Towry’s Andrew Wilson: The Great Crash vs the Great Recession

Wilson Andrew Towry 2014

It is said that that you can’t step in the same river twice, though you still get a wet foot.

The strong disinflationary forces in the world today are proving disquieting for investors, and at a time when the consequences of influences from globalisation to big government are unfolding in front of voters and tax payers’ eyes.  However, these circumstances may not be as unusual as they might feel and previous generations of investors have been through equally challenging – often far worse – economic times.

There has been a macro-economic shock and the UK Government is trying to consolidate its finances, as debt to GDP rises. Employment and wages are headline topics and the economic backdrop is deflationary. There is serious concern about a lack of productivity in the economy, low rates of capital formation and a sense that the UK is not just being out-competed by the rest of the world, but is slow to turn to the industries of the future.

The north-south divide is widening and income inequality is high. The demographic group suffering the most is adult males supporting large families on on low incomes. Their situation is not improved by a growing supply of unskilled workers.  Financial markets are under pressure and some sort of wealth tax is mooted.

Sounds like 2014? Actually, welcome to the early 1920s. Today it may be disinflation rather than deflation and zero hour contracts rather than unemployment.

It is the “austerity” of a slowdown in the increase in the rate of government spending, rather than the fiscal consolidation of a one-third cut in government spending. GDP fell 6 per cent during the recent financial crisis, not the 10 per cent of 1921, itself a cumulative post-war 25 per cent loss.

So, the amplitude is a bit different, but the parallels are still real. 

Interest rates started the 1920s at 6 per cent and ended the decade at 4 per cent. Equity dividends and gilt yields were at similarly high levels. This did mean that investors were able to “earn” their way out of trouble, in nominal terms, but also in a time of deflation these were of course huge real yields.

It helped to be an owner of capital and the 1917 5 per cent War Loan had fortunately been relatively widely taken up by the populace, with 3 million holders.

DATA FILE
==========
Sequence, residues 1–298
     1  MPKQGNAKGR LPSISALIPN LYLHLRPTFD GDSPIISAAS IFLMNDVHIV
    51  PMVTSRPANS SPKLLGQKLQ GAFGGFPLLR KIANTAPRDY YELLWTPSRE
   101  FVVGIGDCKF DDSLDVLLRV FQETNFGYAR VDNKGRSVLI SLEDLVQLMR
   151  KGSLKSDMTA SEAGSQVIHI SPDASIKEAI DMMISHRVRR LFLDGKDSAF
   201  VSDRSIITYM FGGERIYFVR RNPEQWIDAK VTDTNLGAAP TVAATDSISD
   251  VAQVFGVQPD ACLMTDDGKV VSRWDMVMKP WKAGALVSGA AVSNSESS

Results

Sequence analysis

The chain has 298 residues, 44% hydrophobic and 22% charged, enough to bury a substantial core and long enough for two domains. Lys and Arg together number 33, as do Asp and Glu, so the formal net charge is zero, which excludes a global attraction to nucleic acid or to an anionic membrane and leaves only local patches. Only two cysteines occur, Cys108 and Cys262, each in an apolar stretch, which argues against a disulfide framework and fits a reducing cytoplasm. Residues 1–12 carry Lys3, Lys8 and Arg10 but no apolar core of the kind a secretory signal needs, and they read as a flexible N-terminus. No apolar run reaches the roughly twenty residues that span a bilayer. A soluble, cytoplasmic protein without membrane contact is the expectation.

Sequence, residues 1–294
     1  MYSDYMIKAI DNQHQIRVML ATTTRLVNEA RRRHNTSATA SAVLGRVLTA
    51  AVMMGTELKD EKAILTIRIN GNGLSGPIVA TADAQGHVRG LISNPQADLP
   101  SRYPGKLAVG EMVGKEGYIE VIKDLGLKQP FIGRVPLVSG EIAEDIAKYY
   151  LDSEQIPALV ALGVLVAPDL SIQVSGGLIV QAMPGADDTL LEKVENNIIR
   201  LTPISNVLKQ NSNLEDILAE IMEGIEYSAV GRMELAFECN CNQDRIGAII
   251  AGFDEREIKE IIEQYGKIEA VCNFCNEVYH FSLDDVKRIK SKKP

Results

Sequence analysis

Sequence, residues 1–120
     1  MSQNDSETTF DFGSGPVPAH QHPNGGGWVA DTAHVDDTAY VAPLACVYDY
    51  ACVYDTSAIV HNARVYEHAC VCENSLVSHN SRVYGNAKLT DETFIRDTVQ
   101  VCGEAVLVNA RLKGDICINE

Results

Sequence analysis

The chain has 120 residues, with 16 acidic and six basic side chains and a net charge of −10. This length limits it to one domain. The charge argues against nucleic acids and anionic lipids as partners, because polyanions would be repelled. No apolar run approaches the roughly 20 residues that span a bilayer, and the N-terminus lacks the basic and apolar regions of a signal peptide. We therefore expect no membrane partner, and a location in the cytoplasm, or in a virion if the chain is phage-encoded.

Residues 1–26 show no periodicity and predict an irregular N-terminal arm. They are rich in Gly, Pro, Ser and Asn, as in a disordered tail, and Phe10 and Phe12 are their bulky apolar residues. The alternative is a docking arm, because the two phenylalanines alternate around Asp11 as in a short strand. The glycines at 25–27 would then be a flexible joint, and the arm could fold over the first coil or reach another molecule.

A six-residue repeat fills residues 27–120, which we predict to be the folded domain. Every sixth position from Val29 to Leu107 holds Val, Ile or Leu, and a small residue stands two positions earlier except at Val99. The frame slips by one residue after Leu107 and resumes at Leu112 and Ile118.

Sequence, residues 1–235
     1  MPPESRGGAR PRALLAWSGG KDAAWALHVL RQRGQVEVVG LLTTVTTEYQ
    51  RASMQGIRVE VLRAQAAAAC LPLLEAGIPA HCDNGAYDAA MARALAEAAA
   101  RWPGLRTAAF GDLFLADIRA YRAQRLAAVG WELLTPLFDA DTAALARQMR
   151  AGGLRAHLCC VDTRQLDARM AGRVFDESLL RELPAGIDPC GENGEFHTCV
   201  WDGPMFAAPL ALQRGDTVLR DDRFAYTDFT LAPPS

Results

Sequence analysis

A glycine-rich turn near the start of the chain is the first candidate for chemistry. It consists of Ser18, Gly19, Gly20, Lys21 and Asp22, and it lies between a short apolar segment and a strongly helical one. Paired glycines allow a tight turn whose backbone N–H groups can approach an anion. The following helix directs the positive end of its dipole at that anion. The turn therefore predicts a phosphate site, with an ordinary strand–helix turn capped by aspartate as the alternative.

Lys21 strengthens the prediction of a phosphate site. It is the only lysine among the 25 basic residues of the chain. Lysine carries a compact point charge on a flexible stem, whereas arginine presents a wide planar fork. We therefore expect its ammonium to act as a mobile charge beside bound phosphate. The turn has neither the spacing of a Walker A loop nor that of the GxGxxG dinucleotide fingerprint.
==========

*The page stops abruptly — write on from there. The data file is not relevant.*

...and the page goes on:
A broader benefit was that wages – even though falling – were able to rise in post-inflation terms by the later 1920s and consumer purchasing power was therefore able to increase. That said, jobs were scarce, and nominal pay cuts were unhelpful when dealing with fixed debt and rents, especially when post-inflation pay was in some cases still little different from pre-WW1 days.

The equity market had fallen 30 per cent by Christmas 1921, but investors ended the decade up about 35 per cent, which was double their money in real terms. This was despite the difficulties of 1929 and the Great Wall Street Crash, the impact of which was slightly less severe this side of the Atlantic as the UK had not experienced a similar credit boom.

Investors in government bonds also doubled their money, again in real terms and assuming reinvestment of yield. Thus the 1920s was actually one of the best decades for UK investors – not bad for a period that started with deflation, depression and an unemployment crisis.

It is also noteworthy that the economy may well have bottomed as early as May 1921, which, as ever with these things, would have surprised those there at the time (unemployment had just doubled in seven months) and even many years later people may well have said that they still weren’t “feeling the benefit”; but recovery it was.

As with the depression of the early 1930s when industrial production also fell by about a third, it took about four years to gain a new GDP high. The 2008 crisis in contrast for the UK was not as severe as the 1920s and didn’t contain (in the end) the double dip of the 1930s, but did take six years to recover the lost GDP, rather than four, and even with the help of quantitative easing and “financial repression”.

From the perspective of 2014, we have seen less destruction of GDP and employment and no deflation. Government spending is still growing, we have not balanced the budget and QE, on a global basis, has meant that there has been little destruction of Joseph Schumpeter’s “creative” type, which may not be healthy longer term.

In 1924 The Wheatley Subsidy kicked off a long surge in house building, and many would argue that this is one particular parallel that would be welcome in 2014, especially as it was focused on houses for rent by low paid workers. 

The 2014 financial markets have not contained the yields available to investors in the 1920s, while real returns will be lower, assuming current disinflation doesn’t turn into deflation.

So although in some ways we have been far better off than our counterparts in the ’20s, it is not clear that investors will have such a happy outcome without taking a more proactive approach, especially to asset allocation.

The ’20s do also remind us that, despite a backdrop of economic turbulence, it can still be prudent to sit tight when in possession of sensible investment philosophy and a diversified portfolio.

Andrew Wilson is head of investment at Towry.